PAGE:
A 9mm is generally cheaper, has less recoil and higher velocity than a .45 ACP. The .45 ACP (Automatic Colt Pistol) cartridge holds bullets that have a diameter of .452 inches (11.5mm) so it is slightly larger than the 9mm (.355 inch bullets). Both cartridges have a long history and were first designed over 100 years ago.
|Bullet diameter||.452 in (11.5 mm)||9.01 mm (0.355 in)|
|Neck diameter||.473 in (12.0 mm)||9.65 mm (0.380 in)|
|Base diameter||.476 in (12.1 mm)||9.93 mm (0.391 in)|
|Case type||Rimless, straight||Rimless, tapered|
|Rim diameter||.480 in (12.2 mm)||9.96 mm (0.392 in)|
|Place of origin||United States||German Empire|
|Case length||.898 in (22.8 mm)||19.15 mm (0.754 in)|
|Designer||John Browning||Georg Luger|
|Overall length||1.275 in (32.4 mm)||29.69 mm (1.169 in)|
|Velocity||700 - 1150 FPS||950-1400 FPS|
|Maximum pressure||21,000 psi (140 MPa)||235.00 MPa (34,084 psi)|
|Cost||More expensive than .40 S&W and 9mm||Cheaper than .40 S&W & .45 ACP|
|Used by||United States and others||NATO and others; Militaries, police, and self defense.|
|Penetration||11.3-27”||8 - 40" (13')|
|Primer type||primarily large pistol (but also small pistol in some brass)||Berdan or Boxer small pistol|
|Rim thickness||.049 in (1.2 mm)||0.90 mm (0.035 in)|
|Variants||.45 ACP +P, .45 Auto Rim, .45 Super||9 mm NATO, 9×19mm Parabellum +P, 9×19mm 7N21 +P+, 9×19mm 7N31 +P+|
|Case capacity||25 gr H2O (1.625 cm³)||0.862 cm³ (13 gr H2O)|
|Felt Recoil||Heavier and pushes one's hands backwards instead of up. Does not have much muzzle flip.||Less recoil.|
|Type||Pistol / Revolver / Carbine / SMG / Derringer||Pistol / Revolver / Carbine / SMG / Derringer; Cartridge|
|Magazine Capacity (as shipped from factory)||6-14||6 to 20|
|Wars||World War I – present||World War I–present|
|Muzzle Energy||369 lb/ft (230gr at 850FPS)||304 lb/ft (124gr at 1050FPS)|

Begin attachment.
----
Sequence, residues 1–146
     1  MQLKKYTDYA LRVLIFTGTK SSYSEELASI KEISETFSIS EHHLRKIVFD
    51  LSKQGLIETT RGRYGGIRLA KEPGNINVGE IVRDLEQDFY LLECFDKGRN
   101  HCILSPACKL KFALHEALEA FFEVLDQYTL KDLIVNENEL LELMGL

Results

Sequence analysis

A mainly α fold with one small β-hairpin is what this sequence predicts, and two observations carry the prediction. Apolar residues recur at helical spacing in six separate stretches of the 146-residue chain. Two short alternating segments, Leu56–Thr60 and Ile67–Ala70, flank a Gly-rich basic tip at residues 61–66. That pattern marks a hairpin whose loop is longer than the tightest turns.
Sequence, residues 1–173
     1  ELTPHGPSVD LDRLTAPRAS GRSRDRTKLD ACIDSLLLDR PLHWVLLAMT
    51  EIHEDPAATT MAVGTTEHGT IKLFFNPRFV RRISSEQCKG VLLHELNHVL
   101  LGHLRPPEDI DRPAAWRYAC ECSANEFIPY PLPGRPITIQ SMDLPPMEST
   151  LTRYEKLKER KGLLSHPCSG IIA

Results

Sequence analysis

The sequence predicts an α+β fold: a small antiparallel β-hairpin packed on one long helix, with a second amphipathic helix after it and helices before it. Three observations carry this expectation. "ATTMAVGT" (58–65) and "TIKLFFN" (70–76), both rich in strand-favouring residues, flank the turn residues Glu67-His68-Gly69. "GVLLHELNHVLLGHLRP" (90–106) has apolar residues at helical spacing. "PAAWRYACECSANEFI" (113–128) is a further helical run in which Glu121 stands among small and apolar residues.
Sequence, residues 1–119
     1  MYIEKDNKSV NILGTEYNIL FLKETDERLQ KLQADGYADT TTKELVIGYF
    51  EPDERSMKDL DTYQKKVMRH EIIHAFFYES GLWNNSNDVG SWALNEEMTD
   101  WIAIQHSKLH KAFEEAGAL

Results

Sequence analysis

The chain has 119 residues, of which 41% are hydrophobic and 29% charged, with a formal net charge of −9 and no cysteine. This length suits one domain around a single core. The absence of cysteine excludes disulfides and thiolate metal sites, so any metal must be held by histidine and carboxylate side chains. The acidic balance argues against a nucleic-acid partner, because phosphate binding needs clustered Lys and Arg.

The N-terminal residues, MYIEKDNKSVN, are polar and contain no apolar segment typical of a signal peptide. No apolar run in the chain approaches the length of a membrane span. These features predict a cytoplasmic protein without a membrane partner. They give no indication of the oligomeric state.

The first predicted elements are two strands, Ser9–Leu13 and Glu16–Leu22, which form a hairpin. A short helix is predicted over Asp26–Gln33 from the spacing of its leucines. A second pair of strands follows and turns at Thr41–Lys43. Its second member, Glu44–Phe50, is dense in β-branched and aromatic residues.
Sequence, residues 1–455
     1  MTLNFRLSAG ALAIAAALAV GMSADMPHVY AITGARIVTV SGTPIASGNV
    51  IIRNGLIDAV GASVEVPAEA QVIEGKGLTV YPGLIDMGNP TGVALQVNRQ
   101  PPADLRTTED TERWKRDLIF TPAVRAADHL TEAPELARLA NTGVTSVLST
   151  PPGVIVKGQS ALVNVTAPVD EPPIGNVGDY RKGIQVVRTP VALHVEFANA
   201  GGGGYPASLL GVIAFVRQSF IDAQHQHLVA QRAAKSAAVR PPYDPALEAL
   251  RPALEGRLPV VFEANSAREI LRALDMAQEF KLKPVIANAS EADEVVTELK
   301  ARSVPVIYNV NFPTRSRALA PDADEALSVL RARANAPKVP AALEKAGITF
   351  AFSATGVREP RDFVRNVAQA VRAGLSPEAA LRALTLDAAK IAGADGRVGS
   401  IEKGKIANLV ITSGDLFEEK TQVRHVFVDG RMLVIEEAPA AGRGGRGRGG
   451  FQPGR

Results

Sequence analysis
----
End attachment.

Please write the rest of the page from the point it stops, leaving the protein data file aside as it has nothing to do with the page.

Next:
The 9mm has a bullet diameter of 9.01mm (0.355 in), a neck diameter of 9.65mm, a base diameter of 9.93 mm, a rim diameter of 9.96mm and a rim thickness of 0.90 mm.
The .45 has a bullet diameter of 11.5 mm (.452 in), a neck diameter of 12.0mm, a base diameter of 12.1 mm, and a rim diameter of 12.2 mm.
A 9mm averages between 8” and 15.9” penetration. However, the Winchester FMJ has a penetration of 24.5” and the Doubletap JFN+P trail defense has a penetration of 40”. The cartridge expands to approximately 0.35 to 0.72”.
A .45 averages about 11.3”-14.3” penetration. However, the Remington FMJ has 27” penetration. The cartridge expands to an average of 0.75” inches, but the Remington FMJ expands to 0.45”.
Due to the smaller size of the round, 9mm guns typically have a higher magazine capacity than a .45, although the specifics vary depending on the type of gun. For example, the Glock 17 holds a standard 17 rounds of 9mm, while the Glock 21 holds a standard 13 rounds of .45.
A 9mm has less recoil than a .45.
A 9mm fires bullets with a velocity of between 990 and 1350 feet per second.
A .45 fires bullets with an average velocity between 835 and 1150 feet per second.
A 9mm gun costs between 40% and 50% less than a .45.
The 9mm cartridge was designed by Georg Luger in 1901. It has been produced since 1902.
The .45 was developed by John Browning in 1904. It has been used by the United States and other militaries since World War I.
Evolution and Usage
The 9mm cartridge was developed from Luger’s 7.65x21mm Parabellum. The bottleneck of that cartridge was removed, leaving a tapered, rimless cartridge. It was adopted by the German Navy in 1904 and the German Army in 1906. It became more popular after World War I and has since become the most common caliber for U.S. law enforcement agencies and for military and law enforcement agencies around the world. It is also popular for self-defense.
The .45 was developed by the U.S. Cavalry in the late 1890s and early 20th century in a bid to create a bullet that was more effective against determined opponents. It was intended to be a “real man-stopper.” It was adopted by the United States Army in 1911.